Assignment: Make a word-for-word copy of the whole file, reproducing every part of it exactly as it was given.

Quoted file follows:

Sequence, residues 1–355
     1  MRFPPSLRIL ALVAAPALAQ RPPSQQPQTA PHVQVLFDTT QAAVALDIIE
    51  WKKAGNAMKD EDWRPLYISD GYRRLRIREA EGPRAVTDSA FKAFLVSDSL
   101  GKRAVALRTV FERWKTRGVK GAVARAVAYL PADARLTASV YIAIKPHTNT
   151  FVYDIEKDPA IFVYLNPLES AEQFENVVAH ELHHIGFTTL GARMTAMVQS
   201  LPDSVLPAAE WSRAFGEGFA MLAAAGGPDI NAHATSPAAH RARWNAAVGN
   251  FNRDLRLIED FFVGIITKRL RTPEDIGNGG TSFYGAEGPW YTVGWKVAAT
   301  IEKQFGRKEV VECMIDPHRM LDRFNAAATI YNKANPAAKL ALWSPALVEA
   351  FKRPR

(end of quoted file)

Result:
Sequence, residues 1–355
     1  MRFPPSLRIL ALVAAPALAQ RPPSQQPQTA PHVQVLFDTT QAAVALDIIE
    51  WKKAGNAMKD EDWRPLYISD GYRRLRIREA EGPRAVTDSA FKAFLVSDSL
   101  GKRAVALRTV FERWKTRGVK GAVARAVAYL PADARLTASV YIAIKPHTNT
   151  FVYDIEKDPA IFVYLNPLES AEQFENVVAH ELHHIGFTTL GARMTAMVQS
   201  LPDSVLPAAE WSRAFGEGFA MLAAAGGPDI NAHATSPAAH RARWNAAVGN
   251  FNRDLRLIED FFVGIITKRL RTPEDIGNGG TSFYGAEGPW YTVGWKVAAT
   301  IEKQFGRKEV VECMIDPHRM LDRFNAAATI YNKANPAAKL ALWSPALVEA
   351  FKRPR